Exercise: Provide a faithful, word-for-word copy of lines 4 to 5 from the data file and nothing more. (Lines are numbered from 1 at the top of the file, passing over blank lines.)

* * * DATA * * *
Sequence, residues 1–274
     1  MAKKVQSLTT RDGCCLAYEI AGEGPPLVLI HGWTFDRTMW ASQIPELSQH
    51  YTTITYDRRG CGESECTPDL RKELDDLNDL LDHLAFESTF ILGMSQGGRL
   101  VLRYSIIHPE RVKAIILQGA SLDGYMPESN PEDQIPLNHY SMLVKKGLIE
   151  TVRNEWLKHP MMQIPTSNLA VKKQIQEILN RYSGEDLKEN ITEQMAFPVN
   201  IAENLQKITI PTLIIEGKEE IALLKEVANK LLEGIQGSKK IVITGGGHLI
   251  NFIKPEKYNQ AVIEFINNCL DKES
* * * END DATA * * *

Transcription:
   101  VLRYSIIHPE RVKAIILQGA SLDGYMPESN PEDQIPLNHY SMLVKKGLIE
   151  TVRNEWLKHP MMQIPTSNLA VKKQIQEILN RYSGEDLKEN ITEQMAFPVN